From Food Consumer
Although there are various types of heart disease, coronary heart disease is considered to be the dominant condition in the United States. It also happens to be one of our country’s leading causes of death.
Coronary heart disease is a condition in which the arteries are blocked by plaque, which is formed by a variety of substances. These substances include, but are not limited to, cholesterol and calcium. So how do we limit this plaque buildup? Walter C. Willett, MD, Harvard School of Public Health, has this advice:
“Dietary trans fat or trans fatty acids found in partially hydrogenated vegetable oils have clear adverse effects and should be eliminated from a person’s diet. Harvard nutritionists and epidemiologists have estimated that as many as 100,000 deaths each year in the United States from heart disease have something to do with trans fat.”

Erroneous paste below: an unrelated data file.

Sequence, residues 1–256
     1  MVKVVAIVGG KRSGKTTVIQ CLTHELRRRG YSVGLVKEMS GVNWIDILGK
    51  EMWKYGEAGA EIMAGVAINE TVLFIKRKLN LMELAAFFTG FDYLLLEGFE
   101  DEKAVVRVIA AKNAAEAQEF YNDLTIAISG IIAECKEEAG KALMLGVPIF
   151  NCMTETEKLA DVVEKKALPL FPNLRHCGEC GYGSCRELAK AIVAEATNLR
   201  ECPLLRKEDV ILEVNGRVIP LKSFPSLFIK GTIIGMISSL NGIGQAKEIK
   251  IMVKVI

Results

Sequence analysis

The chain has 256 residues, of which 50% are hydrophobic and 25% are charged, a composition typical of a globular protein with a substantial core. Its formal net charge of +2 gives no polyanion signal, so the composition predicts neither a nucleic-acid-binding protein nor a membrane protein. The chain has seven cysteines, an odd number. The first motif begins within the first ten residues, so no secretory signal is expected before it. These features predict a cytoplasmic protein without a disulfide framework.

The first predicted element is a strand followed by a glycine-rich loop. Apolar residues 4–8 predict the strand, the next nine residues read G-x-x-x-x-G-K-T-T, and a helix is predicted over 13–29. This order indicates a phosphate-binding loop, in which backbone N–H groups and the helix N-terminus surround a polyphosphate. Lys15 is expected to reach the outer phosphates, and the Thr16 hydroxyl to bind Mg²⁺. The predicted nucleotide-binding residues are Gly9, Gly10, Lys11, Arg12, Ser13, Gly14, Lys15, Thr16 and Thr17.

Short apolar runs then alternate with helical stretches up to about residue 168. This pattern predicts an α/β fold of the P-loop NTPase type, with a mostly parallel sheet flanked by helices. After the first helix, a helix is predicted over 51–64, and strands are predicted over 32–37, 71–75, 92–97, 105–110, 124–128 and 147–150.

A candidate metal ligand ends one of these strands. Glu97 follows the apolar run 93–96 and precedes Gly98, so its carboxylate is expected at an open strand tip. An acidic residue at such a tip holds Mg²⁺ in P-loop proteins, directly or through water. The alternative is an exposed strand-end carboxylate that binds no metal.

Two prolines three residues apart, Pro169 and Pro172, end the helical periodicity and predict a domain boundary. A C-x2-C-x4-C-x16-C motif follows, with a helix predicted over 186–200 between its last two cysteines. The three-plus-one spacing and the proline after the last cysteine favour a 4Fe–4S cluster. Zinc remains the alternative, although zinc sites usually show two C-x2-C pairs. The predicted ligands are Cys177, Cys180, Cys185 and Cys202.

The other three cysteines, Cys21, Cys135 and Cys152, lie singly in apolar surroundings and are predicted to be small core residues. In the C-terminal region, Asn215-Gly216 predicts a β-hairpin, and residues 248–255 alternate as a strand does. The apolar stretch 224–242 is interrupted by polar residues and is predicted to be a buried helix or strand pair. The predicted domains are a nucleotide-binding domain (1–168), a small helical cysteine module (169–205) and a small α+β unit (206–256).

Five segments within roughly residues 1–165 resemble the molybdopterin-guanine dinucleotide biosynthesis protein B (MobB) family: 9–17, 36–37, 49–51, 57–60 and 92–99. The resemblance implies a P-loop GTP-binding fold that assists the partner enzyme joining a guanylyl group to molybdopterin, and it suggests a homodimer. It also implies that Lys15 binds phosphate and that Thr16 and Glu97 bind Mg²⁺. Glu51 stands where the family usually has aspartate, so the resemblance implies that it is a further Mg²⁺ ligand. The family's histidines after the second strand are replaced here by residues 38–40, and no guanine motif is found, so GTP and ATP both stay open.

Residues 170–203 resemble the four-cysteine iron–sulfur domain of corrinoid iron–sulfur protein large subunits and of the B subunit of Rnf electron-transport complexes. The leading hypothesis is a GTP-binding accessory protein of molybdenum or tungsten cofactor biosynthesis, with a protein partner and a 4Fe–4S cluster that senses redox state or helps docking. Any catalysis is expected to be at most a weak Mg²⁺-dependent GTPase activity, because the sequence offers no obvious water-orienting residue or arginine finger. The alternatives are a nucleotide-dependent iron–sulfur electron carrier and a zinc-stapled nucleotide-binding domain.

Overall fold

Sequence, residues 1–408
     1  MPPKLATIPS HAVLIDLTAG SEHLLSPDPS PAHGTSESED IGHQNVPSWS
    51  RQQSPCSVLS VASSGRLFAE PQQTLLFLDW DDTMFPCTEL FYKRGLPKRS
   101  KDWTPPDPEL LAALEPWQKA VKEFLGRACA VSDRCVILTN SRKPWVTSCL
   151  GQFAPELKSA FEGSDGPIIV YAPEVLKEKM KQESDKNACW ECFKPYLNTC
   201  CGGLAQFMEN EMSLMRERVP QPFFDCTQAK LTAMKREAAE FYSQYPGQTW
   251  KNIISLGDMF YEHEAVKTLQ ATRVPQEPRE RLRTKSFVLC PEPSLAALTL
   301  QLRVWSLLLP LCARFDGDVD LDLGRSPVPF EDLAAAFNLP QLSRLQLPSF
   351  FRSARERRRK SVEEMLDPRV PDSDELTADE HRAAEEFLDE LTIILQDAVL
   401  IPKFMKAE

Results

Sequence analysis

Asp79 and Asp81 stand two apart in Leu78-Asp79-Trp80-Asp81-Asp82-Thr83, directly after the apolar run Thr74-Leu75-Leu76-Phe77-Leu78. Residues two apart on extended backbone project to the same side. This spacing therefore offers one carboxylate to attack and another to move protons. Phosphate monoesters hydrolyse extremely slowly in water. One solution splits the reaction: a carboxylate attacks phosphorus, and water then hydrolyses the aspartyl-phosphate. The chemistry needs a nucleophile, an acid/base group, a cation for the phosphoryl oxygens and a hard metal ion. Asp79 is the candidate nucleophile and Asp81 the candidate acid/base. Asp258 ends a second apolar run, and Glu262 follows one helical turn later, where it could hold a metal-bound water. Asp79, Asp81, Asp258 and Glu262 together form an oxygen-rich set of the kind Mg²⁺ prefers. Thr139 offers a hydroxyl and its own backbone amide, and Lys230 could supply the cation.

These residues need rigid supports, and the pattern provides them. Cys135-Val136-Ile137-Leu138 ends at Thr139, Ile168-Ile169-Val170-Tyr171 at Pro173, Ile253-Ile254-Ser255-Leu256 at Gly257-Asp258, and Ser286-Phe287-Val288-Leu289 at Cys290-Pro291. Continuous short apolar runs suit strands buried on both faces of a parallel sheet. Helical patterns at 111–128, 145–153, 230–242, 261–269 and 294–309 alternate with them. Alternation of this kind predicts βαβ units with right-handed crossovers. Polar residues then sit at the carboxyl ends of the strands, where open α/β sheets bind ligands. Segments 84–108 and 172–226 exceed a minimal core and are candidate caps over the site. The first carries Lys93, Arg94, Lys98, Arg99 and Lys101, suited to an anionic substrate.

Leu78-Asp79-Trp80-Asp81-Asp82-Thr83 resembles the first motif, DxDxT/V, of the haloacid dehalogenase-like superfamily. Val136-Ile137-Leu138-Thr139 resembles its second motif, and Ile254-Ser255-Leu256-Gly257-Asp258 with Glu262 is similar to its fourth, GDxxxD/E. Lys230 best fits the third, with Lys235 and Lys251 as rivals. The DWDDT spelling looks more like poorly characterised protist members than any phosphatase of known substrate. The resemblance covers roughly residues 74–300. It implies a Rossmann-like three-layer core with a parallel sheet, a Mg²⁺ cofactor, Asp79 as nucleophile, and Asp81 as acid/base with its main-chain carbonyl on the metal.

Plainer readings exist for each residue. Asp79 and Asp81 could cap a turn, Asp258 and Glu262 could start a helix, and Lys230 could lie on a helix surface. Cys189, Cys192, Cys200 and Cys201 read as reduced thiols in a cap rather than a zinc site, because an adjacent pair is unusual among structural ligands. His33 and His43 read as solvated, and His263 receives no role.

“Reduced intake of saturated fat may possibly moderately cut the risk of coronary heart disease if saturated fat is replaced by a combination of poly-and unsaturated fat, particularly the former.”
Our advice: avoid fast food wherever possible, buy your food at a grocer you trust, and read the nutrition labels to avoid trans fats. Something to remember about them: trans fats are found almost exclusively in processed foods.
Finally, reducing some of the red meat and dairy that you eat and replacing it with nuts, fish, soy products, and non-hydrogenated vegetable oils will help decrease your risk of coronary artery disease.
This post is published by Sherman Health to provide general health information. It is not intended to provide personal medical advice, which should be obtained directly from your physician.